Spying on children, absolutely not! If you have to spy on your kids, that tells me you don’t trust them. Kids growing up are going to in some way are going to overstep their boundaries. Eventually they are caught and have to pay for their consequences by having some of their privileges taken away. Being on drugs are something no parent wants to see but it very well can happen. Raising 2 girls was not easy. One got into some terrible drugs and suffered for it most of her teen into early adulthood. Her life has changed and been off of drugs for over 15 years and to make sure she stays off of it, she attends NA meetings every week for the last 15 years. She is married and lives a very productive life. My other daughter got into some trouble as well. She tried some drugs but overcame it herself. She is also leading a productive life. Please understand,, you cannot watch your children constantly. If they hang out with the wrong friends, they can get into trouble. We try to direct them into being responsible when growing up and hope for the best. You just have to trust them. They may hiit bottom and sometimes they need help from outside sources. Hopefully you can intervene and guide them in getting the help they need. Only time will tell. You, being their parent have that responsibility.

  53. Duane A. Webb July 17, 2016 at 1:45 pm #

    Dear ‘Frustrated’.

    Your neighbors may stalk/monitor/question their own children until they are either emancipated or reach legal age – but in The United States, they may NOT stalk/monitor/question other peoples children. The only individuals who are generally permitted to conduct such surveillance under any circumstance and in any locale are law enforcement officials – and a warrant or (probable) cause is required.

    These residents in your community have formed an organization that subjects minors (and others) in your community to an ‘unreasonable’ condition within that community that effectively undermines specific rights afforded you and your family.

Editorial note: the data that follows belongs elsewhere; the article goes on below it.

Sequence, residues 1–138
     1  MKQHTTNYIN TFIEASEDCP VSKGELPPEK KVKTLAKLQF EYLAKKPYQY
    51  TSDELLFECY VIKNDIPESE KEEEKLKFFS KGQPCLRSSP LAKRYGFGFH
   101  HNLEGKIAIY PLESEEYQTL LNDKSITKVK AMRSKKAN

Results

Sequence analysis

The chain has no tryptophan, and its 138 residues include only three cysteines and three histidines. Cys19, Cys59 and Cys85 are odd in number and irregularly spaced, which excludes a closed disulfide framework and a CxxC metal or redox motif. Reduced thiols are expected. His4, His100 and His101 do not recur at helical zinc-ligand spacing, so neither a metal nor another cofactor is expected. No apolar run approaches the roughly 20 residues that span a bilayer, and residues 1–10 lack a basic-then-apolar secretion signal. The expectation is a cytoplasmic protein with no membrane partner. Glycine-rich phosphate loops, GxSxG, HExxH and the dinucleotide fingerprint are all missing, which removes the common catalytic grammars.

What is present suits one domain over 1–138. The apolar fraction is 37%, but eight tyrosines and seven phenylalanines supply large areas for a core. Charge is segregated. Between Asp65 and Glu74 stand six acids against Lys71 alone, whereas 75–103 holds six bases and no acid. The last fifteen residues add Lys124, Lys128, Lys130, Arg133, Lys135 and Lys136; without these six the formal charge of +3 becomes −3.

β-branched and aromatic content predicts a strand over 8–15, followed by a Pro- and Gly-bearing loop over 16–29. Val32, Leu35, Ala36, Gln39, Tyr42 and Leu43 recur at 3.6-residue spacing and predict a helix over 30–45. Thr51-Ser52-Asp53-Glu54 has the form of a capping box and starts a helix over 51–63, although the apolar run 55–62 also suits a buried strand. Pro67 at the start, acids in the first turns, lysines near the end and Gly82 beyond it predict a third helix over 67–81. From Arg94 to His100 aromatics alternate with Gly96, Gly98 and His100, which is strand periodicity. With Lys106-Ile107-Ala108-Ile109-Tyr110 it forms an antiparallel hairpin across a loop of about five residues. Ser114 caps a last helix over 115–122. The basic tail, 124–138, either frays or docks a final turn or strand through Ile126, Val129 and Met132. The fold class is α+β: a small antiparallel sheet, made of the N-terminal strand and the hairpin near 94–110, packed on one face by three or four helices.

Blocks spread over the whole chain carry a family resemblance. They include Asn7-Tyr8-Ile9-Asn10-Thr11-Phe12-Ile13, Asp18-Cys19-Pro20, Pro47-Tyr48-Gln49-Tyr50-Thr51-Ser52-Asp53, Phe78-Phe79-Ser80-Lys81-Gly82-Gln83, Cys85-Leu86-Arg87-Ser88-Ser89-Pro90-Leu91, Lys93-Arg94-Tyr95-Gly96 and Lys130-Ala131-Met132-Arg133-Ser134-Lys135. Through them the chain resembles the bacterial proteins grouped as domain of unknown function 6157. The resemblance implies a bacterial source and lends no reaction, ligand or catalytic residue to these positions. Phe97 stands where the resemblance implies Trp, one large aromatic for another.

For example: In a unanimous decision in April 2014; The United States Supreme Court has ruled that a warrant is required in order to search a mobile phone. While this may not apply to their own children – the ruling is certainly there to protect your children from snoops who don’t understand what privacy is, and why they shouldn’t violate it.

    The incident involving your son may have been a ‘ruse’ designed to elicit a statement from him – a form of retaliation for your refusal to be a part of their scheme.

    Document everything. Tell your son to password protect his phone. For threats to privacy, I generally recommend a random 30 day journal (Aug, Nov, etc). It sounds ridiculous – but you should pen a note when you see or learn of something unusual involving your son and other members of the community – for his sake, no other reason. If you think there may be a pattern of organized stalking or some other form of illegal surveillance call the police to report it. It’s important to file with a local authority when there is a substantiated suspicion that private citizens are attempting to ‘police’ other private citizens.

  54. pentamom July 17, 2016 at 7:15 pm #

    andy, I don’t think we really disagree. My objection is to the group text, because by definition information is being shared about your kids’ specific activities and potential problem with other people, with no control from you. Someone sees your kid doing something and they want to accuse or otherwise say something that you might not want broadcast until you’ve been able to look into it or address it — but it’s going out to the whole group immediately, not just to you. Somehow talking it over F2F is different.

  55. pentamom July 17, 2016 at 7:19 pm #

    Donna — You may be right that not all this happened in the group text. But I dunno — what’s the purpose of the group text, then, if not to broadcast to a group all of these “concerns” instead of contacting specific parents as needed?

    And yeah, people will gossip about other people’s kids — but it’s bad, wrong, and you shouldn’t set up a group specifically to do it. Will it happen anyway? No doubt, much of the time. But it’s quite different to say “it will happen and we can’t really prevent it and it’s not the end of the world” and “let’s design this system to facilitate it! Great idea!”

  56. Donna July 18, 2016 at 8:39 am #

    Pentamom – The writer was not part of the texting group so there is no reason to believe that her child’s actions were included in the group texts. They may have been, but who knows. There is also no way to know if just what the kids were doing is posted or if it included the personal conclusions about drug use. In fact, we have no idea what the parameters of the group are since the writer didn’t join.